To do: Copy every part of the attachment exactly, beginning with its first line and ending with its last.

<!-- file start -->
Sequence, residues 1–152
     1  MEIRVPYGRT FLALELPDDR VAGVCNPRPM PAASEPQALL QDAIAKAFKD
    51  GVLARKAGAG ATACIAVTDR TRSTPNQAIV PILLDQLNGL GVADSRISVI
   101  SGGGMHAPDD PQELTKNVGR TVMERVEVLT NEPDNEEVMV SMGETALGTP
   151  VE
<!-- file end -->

Sequence, residues 1–152
     1  MEIRVPYGRT FLALELPDDR VAGVCNPRPM PAASEPQALL QDAIAKAFKD
    51  GVLARKAGAG ATACIAVTDR TRSTPNQAIV PILLDQLNGL GVADSRISVI
   101  SGGGMHAPDD PQELTKNVGR TVMERVEVLT NEPDNEEVMV SMGETALGTP
   151  VE